There was a wide range of movement on the S&P 500 weekly chart but ultimately the actual opening and closing range, or “real body” was narrow, forming a spinning top candle. This candle appeared after a test of key support at 2040 and at the intersection of the 50 and 100 week moving averages. It reflects indecision on the part of investors.
The 2040 level on the S&P was broken at the open today and then retaken later in the session and held into the close; the result of either a complete round-turn in trader sentiment or the inverse operation of an algorithm, either way the action formed a “butterfly doji” candle on the daily chart.
This candle has a narrow opening and closing range like a normal doji but it is positioned at the upper end of its range and has a long lower shadow. It suggests that the forces of supply and demand achieved equilibrium after first testing lower prices, and is considered a bullish reversal candle when it occurs at important technical levels. The chart notes two other butterfly doji candles that didn’t indicate major reversals but did see minor follow-through.
Wynn Resorts (WYNN) chart analysis published on TheStreet.com this morning.
The well documented head and shoulders neckline at the 2040 level on the daily S&P 500 chart was breached early in today’s session. At session lows the index began to consolidate in a lateral move that took on the form of an inverse head and shoulders formation. When that neckline was broken to the upside the index went on to close right on the key 2040 level.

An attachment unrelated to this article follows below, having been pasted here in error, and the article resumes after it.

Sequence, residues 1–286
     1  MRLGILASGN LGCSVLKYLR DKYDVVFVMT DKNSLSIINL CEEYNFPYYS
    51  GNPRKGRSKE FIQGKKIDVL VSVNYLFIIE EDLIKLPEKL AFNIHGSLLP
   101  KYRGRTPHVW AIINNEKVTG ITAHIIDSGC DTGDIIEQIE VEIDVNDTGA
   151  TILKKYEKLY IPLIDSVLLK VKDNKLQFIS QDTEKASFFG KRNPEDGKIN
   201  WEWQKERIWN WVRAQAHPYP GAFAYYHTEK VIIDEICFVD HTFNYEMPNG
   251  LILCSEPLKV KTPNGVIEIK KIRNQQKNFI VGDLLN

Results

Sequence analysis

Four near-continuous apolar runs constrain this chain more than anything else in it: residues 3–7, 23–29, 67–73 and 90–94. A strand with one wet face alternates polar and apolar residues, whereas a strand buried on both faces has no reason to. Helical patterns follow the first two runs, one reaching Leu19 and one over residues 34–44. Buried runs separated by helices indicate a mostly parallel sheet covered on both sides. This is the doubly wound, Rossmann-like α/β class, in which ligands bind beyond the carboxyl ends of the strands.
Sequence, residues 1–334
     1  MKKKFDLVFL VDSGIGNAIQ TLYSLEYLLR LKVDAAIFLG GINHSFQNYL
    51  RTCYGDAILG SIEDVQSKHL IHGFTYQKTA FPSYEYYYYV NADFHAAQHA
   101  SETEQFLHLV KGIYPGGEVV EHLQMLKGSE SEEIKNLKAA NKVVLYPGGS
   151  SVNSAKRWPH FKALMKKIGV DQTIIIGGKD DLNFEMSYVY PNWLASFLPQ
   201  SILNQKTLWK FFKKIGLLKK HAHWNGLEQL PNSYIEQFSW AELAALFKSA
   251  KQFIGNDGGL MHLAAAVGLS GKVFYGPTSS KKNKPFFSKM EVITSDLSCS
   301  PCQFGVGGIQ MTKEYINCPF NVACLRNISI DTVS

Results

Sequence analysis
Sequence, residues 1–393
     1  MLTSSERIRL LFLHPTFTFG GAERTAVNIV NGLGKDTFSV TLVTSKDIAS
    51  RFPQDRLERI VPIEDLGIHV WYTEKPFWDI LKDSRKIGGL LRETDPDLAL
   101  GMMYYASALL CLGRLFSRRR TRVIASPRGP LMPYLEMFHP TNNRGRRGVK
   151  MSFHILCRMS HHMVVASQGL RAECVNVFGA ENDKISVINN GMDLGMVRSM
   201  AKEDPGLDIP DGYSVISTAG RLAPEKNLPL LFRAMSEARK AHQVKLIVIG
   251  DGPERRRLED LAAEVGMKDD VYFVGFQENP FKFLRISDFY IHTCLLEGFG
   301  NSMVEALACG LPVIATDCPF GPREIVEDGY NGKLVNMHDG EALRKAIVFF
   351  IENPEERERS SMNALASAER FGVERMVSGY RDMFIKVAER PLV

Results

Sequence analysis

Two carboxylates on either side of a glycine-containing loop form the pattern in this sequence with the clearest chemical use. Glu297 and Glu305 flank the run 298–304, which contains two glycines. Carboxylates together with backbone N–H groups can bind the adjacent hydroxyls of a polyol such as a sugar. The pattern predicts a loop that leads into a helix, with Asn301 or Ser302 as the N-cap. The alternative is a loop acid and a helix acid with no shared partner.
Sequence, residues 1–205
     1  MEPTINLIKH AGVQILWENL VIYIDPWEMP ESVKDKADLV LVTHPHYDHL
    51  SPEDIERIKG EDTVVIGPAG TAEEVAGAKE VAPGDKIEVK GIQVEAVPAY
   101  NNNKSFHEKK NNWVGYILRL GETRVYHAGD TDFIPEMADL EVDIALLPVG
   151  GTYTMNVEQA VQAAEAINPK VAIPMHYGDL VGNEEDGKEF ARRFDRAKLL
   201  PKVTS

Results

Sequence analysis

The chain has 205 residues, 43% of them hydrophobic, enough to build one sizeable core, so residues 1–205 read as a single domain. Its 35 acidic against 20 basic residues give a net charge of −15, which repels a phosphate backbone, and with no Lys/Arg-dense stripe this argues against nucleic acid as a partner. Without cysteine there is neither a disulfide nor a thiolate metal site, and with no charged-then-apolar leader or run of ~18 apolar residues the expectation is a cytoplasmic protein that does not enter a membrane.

A link to my article on Microsoft (MSFT) published on TheStreet.com on Wednesday.
The S&P 500 head and shoulders pattern neckline has been broken but only an intraday basis and that is important to remember, because a rally into the close today that creates a hammer candle at this key technical level will completely reverse the appearance and the interpretation of today’s movement in the index.
That said, the next levels of support are first the 200 day moving average, and below that the 1950 area which was the neckline of the “W” pattern breakout that initiated the rally this year.
Jim Cramer goes “Off the Charts” with the help of my friend Bob Lang of ExplosiveOptions.net. A very interesting take on a niche sector immune to volatility.
Linkage to my article on Amazon (AMZN) posted on TheStreet.com this morning.
Goldman Sachs (GS) says their are multiple risks in the stock market and to basically, “Sell in May and go away.” The same strategy should be applied to its stock which has multiple issues as well, and can be seen breaking channel support on the daily chart with accompanying deterioration in the price momentum and money flow indicators.
Presented without further comment:
The S&P 500 was lower last week for the third week in a row and the last time that happened was in January of this year. The last time the index was down four weeks in a row was in October 2014, so a psychological bounce this week is a possibility, but the technical condition of the index remains weak and it is likely that strength will be sold.